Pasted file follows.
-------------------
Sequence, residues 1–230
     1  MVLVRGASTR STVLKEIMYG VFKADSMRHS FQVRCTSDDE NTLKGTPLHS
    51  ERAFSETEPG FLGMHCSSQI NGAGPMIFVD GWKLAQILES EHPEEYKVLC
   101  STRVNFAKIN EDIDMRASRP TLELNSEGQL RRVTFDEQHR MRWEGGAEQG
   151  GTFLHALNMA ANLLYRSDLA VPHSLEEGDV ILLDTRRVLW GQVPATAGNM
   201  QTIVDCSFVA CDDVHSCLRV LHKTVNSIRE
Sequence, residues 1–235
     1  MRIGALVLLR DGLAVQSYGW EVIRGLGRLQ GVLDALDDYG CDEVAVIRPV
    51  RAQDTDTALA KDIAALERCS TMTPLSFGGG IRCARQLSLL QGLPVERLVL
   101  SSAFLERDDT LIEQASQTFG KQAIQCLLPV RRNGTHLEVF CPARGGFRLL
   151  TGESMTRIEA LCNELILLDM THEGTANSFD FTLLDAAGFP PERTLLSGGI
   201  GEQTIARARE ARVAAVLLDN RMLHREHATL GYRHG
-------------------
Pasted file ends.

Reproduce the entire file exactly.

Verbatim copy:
Sequence, residues 1–230
     1  MVLVRGASTR STVLKEIMYG VFKADSMRHS FQVRCTSDDE NTLKGTPLHS
    51  ERAFSETEPG FLGMHCSSQI NGAGPMIFVD GWKLAQILES EHPEEYKVLC
   101  STRVNFAKIN EDIDMRASRP TLELNSEGQL RRVTFDEQHR MRWEGGAEQG
   151  GTFLHALNMA ANLLYRSDLA VPHSLEEGDV ILLDTRRVLW GQVPATAGNM
   201  QTIVDCSFVA CDDVHSCLRV LHKTVNSIRE
Sequence, residues 1–235
     1  MRIGALVLLR DGLAVQSYGW EVIRGLGRLQ GVLDALDDYG CDEVAVIRPV
    51  RAQDTDTALA KDIAALERCS TMTPLSFGGG IRCARQLSLL QGLPVERLVL
   101  SSAFLERDDT LIEQASQTFG KQAIQCLLPV RRNGTHLEVF CPARGGFRLL
   151  TGESMTRIEA LCNELILLDM THEGTANSFD FTLLDAAGFP PERTLLSGGI
   201  GEQTIARARE ARVAAVLLDN RMLHREHATL GYRHG